Ghanaian Member of Parliament Ras Mubarak was denied entry into the Occupied Palestinian Territories (OPT) by Israel. Mubarak was invited to speak at the International Conference on Jerusalem in Ramallah which commenced on 11 April. Israeli authorities had issued a permit for Mubarak to enter the OPT but later refused him entry and cancelled his valid permit, Mubarak said. As the occupying power, Israel controls access to the OPT which comprises the West Bank, East Jerusalem, and the Gaza Strip. Other international politicians who were refused entry include South African MP Blaze Nzimande in April 2015 and the associate general secretary of the World Council of Churches Dr Isabel Apawo Phiri of Malawi in December 2016. Earlier this month, Israel announced it would deny entry to Irish mayor Mícheál Mac Donncha over his ties to Boycott Divestment Sanctions (BDS) but spelt his name wrong and mistakenly admitted him through the border. The Daily Vox spoke to Mubarak while he was at the border.
The 9th International Jerusalem Conference organised by the Palestinian Authority is taking place and I have been invited as a delegate and a speaker at that conference. I’ve been an activist for quite a while and I guess I was invited because of my tireless advocacy for the rights of Palestinians. I was shocked when this invitation came because I didn’t know Israel would have to authorise my entry into Palestinian-controlled territories.
The Israelis have a history of harassing Palestinians and friends of Palestine. If we get in, we’re lucky and if we don’t, we’re not surprised. Even though I hold a diplomatic passport, clearly they have no respect for international protocols. They have consistently sought to intimidate, harass, and deny people entry just so they can have first-hand insight into and control over what is happening. It’s disappointing that the recent events in Gaza did not evoke international outrage and condemnation – and international sanctions. It seems there’s one rule for everybody else and another rule for everyone else.
Ghana believes that the Palestinians have the right to live peacefully in their country. The position of my country is that the two state solution is possible. Even with our voting in the United Nations, we have been very consistent. We have always voted in support of Palestine and recently over a month ago at the UN Human Rights Council, Ghana voted on all the four issues of rights in support of the Palestinians. As far as our support is concerned, it is unflinching and has transcended administrations. We have had governments that are left of centre and right of centre and consistently from the 50s when we obtained our independence, we have always stood shoulder to shoulder with the Palestinians.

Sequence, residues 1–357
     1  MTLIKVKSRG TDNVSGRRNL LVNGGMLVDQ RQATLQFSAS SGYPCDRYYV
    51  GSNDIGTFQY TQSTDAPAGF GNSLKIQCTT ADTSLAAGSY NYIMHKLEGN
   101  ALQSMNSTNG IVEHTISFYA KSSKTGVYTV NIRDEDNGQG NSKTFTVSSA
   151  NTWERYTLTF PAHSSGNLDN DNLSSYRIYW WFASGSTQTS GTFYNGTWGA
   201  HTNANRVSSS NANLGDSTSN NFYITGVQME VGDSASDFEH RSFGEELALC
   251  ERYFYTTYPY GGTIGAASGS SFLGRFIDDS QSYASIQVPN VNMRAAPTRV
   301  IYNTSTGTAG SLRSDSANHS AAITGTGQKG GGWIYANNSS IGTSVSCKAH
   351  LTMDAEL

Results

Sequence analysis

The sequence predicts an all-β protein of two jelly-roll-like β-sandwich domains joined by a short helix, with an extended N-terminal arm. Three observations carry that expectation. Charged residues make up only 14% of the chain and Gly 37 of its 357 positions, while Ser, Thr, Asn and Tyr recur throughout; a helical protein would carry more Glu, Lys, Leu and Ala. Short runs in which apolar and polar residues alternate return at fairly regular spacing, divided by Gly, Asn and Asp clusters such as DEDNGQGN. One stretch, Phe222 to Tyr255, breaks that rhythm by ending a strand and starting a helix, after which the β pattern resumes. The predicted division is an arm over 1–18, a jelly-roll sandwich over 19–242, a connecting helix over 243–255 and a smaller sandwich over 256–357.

At the heart of this is the indifference by the world. I have to commend South Africa for the position it has taken consistently albeit it not being surprising considering South Africa’s history of apartheid. I led and organised a march in Accra for the Palestinians and I was the only sitting member of parliament who was bold enough to call Israel by what it is and express condemnation. We don’t seem to have people who are courageous in Africa – the Steve Bikos, the Mandelas, the Govan Mbekis. Africa would have to be resolute in its support of the cause of the Palestinian people. I get so disappointed when one or two African countries abstain from voting in the UN. But I’m also encouraged by the growing number of young African activists who are appalled and sickened by the treatment of the Palestinian people whether in Kenya or South Africa or wherever.
If there’s any group of people that should be concerned with the issues of the people of Palestine, there’s no better group of people than the African people. African people themselves have been through subjugation through slavery, neo-colonisation, and the rest of it. We better understand the pains and the perils of occupation if we allow it to continue without raising our voices. It’s exceedingly important for Africans that we continue to express our disquiet at the inhuman treatment of our brothers and sisters. Injustice in any part of the world is injustice against humanity. As citizens of the world we have a moral responsibility to raise these issues. It’s quite tragic that the world keeps looking on while these things go on. It’s a scar on the conscience of all the leaders in the world. The least I can do as an African is to raise my voice on the floor of parliament and outside the floor of parliament.
Mubarak addressed the conference via teleconference from Jordan.
You can read his full speech here.